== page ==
Bill Maher: United States Just a Terrorist Attack Away from President Trump
Comedian Bill Maher will be in town April 10 at Comerica Theatre in Phoenix.
Few Americans speak with such frankness about political correctness, radical Islam, and Donald Trump as comedian Bill Maher.
Through his stand-up act and his long-running HBO talk show Real Time with Bill Maher , the avowed liberal and sacred-cow-killer has zero problem making his lefty pals feel uncomfortable as he challenges their preconceived notions of right and wrong.
In particular, Maher's criticism of Islam has garnered a great deal of blow-back from fellow liberals and mainstream Muslim organizations such as the Council on American-Islamic Relations, which has labeled Maher, absurdly, an "Islamophobe."
So, in advance of his appearance at Phoenix's Comerica Theatre on Sunday at 8 p.m., New Times got Maher on the phone to discuss Muslims, Donald Trump, encryption, and why size really does matter when it comes to Islamic terrorism.
Maher opines that Democrats poll, then follow, while Republicans poll, then figure out how to change the result.
Janet Van Ham/HBO
New Times: Is the United States one terrorist attack away from President Donald Trump?
Maher: Well, that is what I've been saying. I'm not in agreement with Donald Trump or his policies, which is a kind word for what he wants to do. I think it's just a primal scream coming out of him. But I think it's a terrible idea to ban all Muslims; we need Muslims, as the president says, to fight terrorism. And we don't want to alienate them, and we don't want to do something that is so terribly un-American. And [U.S. Senator from Texas] Ted Cruz's idea, which is even stupider, about somehow surveilling all Muslim neighborhoods. First of all, we don't have Muslim neighborhoods, like they have in Molenbeck, Brussels, these no-go zones. That's not what America is. And by the way, if you want to create more terrorism, you could not think of a better way than to start surveilling Muslim areas. It's just horrible.
And you know that Ted Cruz, by the way, had that prepared for months, he said, boy, how Donald Trump got to the right of me on the Muslim issue, so next time there's an attack, guys, we need something to come up with. And [his presidential campaign] had that ready for months. As soon as there was an attack, they brought that out. OK, we're gonna one up you Trump, we're gonna call for surveilling Muslim neighborhoods. He's just despicable. Anyway. No, I don't agree with Trump, but, what I keep saying is, if there is another attack, especially, and maybe even without it, and the American people have to choose between that and a party that won't even say the term "Islamic terrorism," yeah, I could see them voting for Trump. Which is a horrible thought for everybody, worst of all, for Muslims.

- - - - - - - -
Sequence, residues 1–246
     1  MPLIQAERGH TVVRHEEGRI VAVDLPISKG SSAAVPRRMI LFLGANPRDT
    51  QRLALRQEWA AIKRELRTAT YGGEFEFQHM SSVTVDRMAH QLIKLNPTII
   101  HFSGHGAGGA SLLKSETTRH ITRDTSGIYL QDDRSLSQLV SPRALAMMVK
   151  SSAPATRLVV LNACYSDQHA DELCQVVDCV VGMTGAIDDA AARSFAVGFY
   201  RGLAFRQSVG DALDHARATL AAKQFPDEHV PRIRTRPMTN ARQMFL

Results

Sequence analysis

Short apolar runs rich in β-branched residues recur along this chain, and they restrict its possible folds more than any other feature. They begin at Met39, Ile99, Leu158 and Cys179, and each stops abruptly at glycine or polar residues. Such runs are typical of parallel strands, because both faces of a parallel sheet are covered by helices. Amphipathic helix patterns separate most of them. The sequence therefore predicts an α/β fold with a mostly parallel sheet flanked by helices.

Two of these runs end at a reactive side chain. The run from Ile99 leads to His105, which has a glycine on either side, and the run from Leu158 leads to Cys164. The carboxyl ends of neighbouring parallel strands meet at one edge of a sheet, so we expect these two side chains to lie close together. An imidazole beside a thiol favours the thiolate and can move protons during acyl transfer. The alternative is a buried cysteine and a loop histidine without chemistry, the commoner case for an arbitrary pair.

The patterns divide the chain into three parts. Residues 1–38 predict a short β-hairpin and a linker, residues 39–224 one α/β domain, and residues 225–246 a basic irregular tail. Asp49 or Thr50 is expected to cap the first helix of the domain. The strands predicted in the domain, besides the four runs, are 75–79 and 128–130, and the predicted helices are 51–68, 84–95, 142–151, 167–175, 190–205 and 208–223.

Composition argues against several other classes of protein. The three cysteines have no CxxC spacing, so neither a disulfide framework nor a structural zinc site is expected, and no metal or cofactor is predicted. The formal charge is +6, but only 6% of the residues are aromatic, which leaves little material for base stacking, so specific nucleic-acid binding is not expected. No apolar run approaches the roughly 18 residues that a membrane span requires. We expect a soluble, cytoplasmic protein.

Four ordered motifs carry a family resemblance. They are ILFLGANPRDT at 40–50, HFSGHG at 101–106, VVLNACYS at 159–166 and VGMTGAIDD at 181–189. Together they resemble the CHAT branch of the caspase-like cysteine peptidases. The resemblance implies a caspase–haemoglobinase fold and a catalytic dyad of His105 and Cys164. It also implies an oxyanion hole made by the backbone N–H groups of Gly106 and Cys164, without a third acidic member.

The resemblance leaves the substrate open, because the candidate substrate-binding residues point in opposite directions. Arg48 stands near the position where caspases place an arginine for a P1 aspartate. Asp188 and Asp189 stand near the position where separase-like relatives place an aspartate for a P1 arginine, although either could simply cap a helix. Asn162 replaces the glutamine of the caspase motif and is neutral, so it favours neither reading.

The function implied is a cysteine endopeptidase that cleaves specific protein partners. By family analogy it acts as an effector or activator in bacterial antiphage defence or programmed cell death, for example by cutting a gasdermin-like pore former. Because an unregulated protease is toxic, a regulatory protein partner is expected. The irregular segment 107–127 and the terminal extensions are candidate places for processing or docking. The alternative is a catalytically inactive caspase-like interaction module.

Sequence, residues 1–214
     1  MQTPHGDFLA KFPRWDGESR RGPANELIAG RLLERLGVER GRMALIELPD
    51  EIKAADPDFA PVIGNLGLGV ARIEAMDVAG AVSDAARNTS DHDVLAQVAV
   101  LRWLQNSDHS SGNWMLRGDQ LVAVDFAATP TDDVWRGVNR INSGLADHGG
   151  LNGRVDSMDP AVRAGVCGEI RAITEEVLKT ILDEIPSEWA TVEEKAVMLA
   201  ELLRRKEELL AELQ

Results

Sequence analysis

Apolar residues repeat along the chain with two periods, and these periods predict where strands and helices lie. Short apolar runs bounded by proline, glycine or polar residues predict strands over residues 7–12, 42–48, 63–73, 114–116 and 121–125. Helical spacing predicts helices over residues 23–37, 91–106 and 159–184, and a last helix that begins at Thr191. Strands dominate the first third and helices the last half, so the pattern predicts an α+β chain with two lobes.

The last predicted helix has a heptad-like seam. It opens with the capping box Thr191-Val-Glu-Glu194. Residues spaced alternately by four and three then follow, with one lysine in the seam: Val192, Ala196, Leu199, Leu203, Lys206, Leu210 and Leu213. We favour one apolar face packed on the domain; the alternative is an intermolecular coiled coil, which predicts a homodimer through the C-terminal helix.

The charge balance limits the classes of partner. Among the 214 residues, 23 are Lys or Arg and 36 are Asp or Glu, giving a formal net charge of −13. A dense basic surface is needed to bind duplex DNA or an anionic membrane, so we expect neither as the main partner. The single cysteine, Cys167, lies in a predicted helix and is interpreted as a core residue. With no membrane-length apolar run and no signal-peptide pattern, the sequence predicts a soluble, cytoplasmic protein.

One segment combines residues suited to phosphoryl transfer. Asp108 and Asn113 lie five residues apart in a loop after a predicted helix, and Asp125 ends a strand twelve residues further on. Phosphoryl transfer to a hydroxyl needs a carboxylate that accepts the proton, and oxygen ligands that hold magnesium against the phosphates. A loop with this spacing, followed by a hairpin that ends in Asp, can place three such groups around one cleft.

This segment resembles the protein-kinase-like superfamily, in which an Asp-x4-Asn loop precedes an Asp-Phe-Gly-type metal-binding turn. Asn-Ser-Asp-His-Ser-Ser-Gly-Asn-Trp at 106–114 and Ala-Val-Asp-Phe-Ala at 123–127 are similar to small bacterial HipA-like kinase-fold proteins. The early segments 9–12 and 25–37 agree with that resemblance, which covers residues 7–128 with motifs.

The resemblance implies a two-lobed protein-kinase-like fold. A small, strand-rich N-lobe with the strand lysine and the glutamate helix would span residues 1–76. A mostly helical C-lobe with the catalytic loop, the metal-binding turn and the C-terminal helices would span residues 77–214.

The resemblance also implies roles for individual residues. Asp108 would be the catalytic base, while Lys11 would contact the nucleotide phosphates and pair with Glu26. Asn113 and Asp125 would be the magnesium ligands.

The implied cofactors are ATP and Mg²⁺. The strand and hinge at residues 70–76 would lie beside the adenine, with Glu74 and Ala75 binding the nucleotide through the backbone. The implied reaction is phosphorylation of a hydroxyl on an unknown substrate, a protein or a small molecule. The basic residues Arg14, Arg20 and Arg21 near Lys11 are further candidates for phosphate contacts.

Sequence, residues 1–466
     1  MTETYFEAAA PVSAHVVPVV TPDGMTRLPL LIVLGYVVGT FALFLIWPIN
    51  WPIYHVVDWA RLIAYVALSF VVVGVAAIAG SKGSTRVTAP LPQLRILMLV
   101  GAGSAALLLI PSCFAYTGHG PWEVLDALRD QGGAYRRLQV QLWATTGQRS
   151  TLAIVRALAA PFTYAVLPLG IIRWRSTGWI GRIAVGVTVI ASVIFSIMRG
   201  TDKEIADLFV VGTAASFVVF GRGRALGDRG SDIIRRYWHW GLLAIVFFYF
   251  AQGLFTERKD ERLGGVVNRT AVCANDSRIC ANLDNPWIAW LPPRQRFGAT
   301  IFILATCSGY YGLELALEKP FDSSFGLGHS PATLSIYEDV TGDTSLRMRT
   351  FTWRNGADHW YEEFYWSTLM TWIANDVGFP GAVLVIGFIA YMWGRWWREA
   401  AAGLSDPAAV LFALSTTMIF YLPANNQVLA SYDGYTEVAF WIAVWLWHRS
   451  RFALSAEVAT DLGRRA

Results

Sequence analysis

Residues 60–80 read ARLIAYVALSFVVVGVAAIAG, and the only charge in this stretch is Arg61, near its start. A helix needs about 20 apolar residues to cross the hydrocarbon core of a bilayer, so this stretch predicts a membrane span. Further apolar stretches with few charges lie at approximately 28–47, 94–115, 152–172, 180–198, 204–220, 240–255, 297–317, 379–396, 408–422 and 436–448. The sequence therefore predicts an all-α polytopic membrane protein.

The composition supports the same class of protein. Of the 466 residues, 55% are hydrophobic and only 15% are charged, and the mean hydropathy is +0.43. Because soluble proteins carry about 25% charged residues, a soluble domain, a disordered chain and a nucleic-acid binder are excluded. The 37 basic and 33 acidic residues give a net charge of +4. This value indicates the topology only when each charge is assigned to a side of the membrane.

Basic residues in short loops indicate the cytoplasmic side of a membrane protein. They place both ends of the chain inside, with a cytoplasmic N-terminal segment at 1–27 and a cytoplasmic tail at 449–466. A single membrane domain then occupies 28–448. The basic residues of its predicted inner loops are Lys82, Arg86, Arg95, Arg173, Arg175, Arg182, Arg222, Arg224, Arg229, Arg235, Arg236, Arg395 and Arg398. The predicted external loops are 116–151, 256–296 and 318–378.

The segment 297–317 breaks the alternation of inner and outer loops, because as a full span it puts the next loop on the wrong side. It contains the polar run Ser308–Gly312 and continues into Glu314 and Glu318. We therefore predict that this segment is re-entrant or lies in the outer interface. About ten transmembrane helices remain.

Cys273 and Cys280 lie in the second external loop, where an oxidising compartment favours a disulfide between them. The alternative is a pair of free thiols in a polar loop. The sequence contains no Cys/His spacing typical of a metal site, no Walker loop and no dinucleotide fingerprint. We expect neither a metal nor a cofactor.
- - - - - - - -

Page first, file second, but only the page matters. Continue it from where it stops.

Why do you think Democrats are so afraid of using the term "Islamic terrorism"?
I think the problem that Democrats have had in general, in the lifespan I've been following politics, is that they don't lead, they follow. They sense what their constituents want to hear, and then they say it. Now Republicans, I don't agree with their policies, but I'll give 'em this, they don't follow the polls all the time. They say, well this is what the polls show, we'll change it. For example, the public option for healthcare was polling very high before Obama became president. Something like 70 percent thought that was a good idea. And by the way, [it was supported by] many Republicans. It is called the public option. It's just an option. It's about freedom. I thought they liked freedom.
So what they said is, the polls show that this is high; well, we'll change the polls. We'll meet in our secret lair, and we'll get all our people together to say the same dumb talking points, and we'll knock that approval rating down from 70 to 40 percent. The Democrats don't do that. ... Democrats have this idea, which I have been fighting against, that Islamic terrorism is somehow, if you say that term, an act of bigotry. And they're afraid to challenge it. So I would like to goad them into challenging it. As I keep saying, I think I'm the liberal in this debate.